Wednesday, August 27, 2014


In my second art class, instructor Joy Schultz presented us with the "invitation to a whole new perception of the world." She reiterated her comments from the previous week about truly seeing what is before us, not what our brain fills in for us.

Joy introduced us to pastels. She talked about the nature of 'soft' pastels, explaining that they are pure pigment and that they come in a range of hardness. The smaller the pastel is in diameter, the harder. 

Next, Joy talked about color, describing hue, value, temperature and intensity. She explained that cool colors recede and intense colors move forward. We were told that surrounding a color with a neutral color will make the first color 'pop'. 

We were given a container of pastels and a large piece of white drawing paper. We were encouraged to try making marks with different colors. I didn't particularly care for it. Working with pastels is very messy (don't get me wrong… I am not one of those neat sort of people - but I didn't care for the dust everywhere and my marks, lines and shapes didn't do a whole lot for me.

Once we had played around for a bit, Joy let us pick a picture of a pastel drawing from a selection she had taken from magazines. We also had a choice of colored pastel paper. I loved the bright orange paper and found an image that would work well with that background. This is my first pastel.

13" X 9" tinted pastel paper

I liked how the fall colors popped. I was pleased with the dimensionality of the mountains and the sense of puddles on the little dirt drive. My sky was a bit darker than the original, but it doesn't seem to detract from the picture. Several folks actually thought my rendition had more life in it than the original.

Although I didn't particularly care for working with pastels, I figured it couldn't hurt to try a few more. I had a 50% off coupon for a chain craft store so I marched myself down there and purchased a small box of soft pastels. I stopped at an art supply store (my new favorite place to browse) that usually has better prices than the chain stores and picked up a pad of colored pastel papers.

Since imitation is the best sort of flattery I went to the instructor's web site and selected a giclée print as a model for a pastel of my own. (Here's another new thing I learned; giclée prints are those printed on special inkjet printers. The term, giclée, was crafted from the French word, nozzle. It was coined to take away the negative connotation of creating art copies using a 'common' printer. Also of interesting note, giclée is also the slang term for male ejaculation - oh, no! Apparently the artist who coined the term (Jack Duganne) was not aware of the double entendre of his word choice!)

"Feeling Groovy" by Joy Schultz
18" X 24" giclée print of pastel painting

I have a friend with several black horses, and decided to make Joy's image my own by changing the color of the horses. Here is my almost finished pastel:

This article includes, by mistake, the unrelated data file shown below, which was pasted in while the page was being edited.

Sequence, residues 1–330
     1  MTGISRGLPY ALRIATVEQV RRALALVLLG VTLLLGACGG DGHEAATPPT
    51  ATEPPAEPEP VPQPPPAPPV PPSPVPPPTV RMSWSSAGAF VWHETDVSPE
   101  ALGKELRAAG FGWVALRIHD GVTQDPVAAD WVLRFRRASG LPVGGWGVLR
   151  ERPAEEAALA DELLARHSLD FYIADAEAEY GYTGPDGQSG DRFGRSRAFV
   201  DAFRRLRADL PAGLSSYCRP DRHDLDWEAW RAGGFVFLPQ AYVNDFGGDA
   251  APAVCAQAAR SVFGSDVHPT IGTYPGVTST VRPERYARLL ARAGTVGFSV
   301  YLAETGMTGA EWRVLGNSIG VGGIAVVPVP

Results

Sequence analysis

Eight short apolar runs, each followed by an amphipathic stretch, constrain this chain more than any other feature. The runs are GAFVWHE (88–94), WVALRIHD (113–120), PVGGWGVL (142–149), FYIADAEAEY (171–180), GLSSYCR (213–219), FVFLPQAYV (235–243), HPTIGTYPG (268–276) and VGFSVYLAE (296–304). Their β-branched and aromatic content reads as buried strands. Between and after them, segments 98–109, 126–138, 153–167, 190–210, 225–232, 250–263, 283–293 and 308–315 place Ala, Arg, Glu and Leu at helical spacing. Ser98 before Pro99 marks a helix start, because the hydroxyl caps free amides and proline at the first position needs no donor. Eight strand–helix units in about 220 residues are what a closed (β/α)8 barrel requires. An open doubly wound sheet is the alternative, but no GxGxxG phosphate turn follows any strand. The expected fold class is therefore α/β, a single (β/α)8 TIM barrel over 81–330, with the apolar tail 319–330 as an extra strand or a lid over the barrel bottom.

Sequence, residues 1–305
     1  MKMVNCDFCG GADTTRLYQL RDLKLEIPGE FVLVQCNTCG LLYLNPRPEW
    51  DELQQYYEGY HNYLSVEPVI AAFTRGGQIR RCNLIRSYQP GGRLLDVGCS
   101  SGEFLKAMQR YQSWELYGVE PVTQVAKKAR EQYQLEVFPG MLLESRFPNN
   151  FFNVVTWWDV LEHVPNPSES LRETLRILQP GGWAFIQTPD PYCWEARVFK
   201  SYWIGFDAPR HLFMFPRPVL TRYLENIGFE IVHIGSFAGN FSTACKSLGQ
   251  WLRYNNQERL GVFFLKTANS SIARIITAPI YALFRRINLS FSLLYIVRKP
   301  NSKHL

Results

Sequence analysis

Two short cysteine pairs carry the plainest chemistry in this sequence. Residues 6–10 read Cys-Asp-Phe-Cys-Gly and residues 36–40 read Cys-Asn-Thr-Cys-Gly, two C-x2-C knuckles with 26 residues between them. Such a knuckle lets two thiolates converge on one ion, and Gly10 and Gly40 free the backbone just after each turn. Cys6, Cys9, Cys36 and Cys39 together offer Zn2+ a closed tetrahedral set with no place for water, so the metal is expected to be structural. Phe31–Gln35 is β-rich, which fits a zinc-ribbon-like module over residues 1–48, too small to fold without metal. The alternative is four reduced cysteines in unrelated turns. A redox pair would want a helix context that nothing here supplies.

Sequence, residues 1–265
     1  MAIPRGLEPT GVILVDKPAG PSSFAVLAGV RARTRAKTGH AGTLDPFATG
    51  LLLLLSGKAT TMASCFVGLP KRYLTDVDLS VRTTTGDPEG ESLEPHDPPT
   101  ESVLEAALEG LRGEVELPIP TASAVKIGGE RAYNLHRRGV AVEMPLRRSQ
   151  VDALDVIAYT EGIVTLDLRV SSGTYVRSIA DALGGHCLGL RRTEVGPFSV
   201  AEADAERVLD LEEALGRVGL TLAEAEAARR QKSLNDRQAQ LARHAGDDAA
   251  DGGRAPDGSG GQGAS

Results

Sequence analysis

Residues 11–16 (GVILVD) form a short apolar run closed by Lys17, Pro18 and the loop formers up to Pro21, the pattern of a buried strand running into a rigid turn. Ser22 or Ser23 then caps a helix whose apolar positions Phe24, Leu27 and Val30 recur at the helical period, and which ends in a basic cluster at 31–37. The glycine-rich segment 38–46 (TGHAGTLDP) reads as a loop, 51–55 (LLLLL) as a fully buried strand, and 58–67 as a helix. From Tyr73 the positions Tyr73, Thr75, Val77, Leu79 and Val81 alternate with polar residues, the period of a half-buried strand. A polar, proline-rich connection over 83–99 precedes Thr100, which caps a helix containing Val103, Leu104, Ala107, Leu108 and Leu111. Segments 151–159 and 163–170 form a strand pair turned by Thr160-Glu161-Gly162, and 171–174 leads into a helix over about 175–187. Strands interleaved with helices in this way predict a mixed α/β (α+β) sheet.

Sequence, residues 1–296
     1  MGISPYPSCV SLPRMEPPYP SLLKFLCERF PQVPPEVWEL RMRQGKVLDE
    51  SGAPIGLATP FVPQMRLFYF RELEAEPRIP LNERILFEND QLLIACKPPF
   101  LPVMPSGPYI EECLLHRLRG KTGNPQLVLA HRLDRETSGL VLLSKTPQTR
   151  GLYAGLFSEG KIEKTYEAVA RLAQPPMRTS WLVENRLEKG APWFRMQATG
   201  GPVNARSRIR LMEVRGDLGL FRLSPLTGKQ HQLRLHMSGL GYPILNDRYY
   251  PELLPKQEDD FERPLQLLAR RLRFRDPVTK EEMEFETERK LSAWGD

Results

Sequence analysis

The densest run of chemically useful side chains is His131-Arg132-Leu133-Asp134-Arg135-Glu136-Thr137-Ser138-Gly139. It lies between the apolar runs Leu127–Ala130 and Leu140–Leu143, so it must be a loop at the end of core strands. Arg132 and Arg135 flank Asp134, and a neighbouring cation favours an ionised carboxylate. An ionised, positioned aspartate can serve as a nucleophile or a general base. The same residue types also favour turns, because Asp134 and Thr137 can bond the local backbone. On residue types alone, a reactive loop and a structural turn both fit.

12" X 16" tinted pastel paper

Although I am pleased with the outcome, I see so many areas that aren't the way I'd like them to be. For example, the lines of the splashed water are not blended as well as I would like. I struggled with the sky as I made it too red, thinking going over it with white would soften it enough. It didn't. I now understand more about the 'tooth' of the paper, as in trying to lighten the sky the paper just wouldn't hold more of the pastel pigment. Perhaps if I had used a stiff brush I could have removed enough of the pastel to 'find' the texture again. 

Sticking with the black horse theme, I ventured on to create a pastel inspired by this photo my friend took when her horses were living at my house.

#22: Racing the Sun
12" X 12" colored card stock

What I like about pastel #22:
  • I was pleased with how I was able to bring more color into the picture and still give the impression of a foggy morning. 
  • I was also pleased with the 'lay of the land'. I think I created a feeling of hillsides. 
  • I enjoyed using the colored paper and letting some of that color come through. 

What I might do differently:
  • I should have added more color to the snow coming up from the horses hooves.
  • I was torn about whether to put a haze of grey pastel in the background and over the four trailing horses to give more of an impression of fog. 
  • It might be interesting to use much larger paper to allow for more detail with the horses. 

What I learned:
  • I bought some fixative, but discovered that it darkened the colors significantly. 
  • On each of the horse pastels I found things I wish I had changed after I thought I was finished and after I sealed the work. It might be better to give myself some time to study the end product and see what I might want to change, and be sure I really have finished.
  • I used clear polyurethane to fix the horses in the water. I went back to add some details. And resprayed. The details I added do not show up to any extent. I'll try it with the workable fixative that I purchased next time. 

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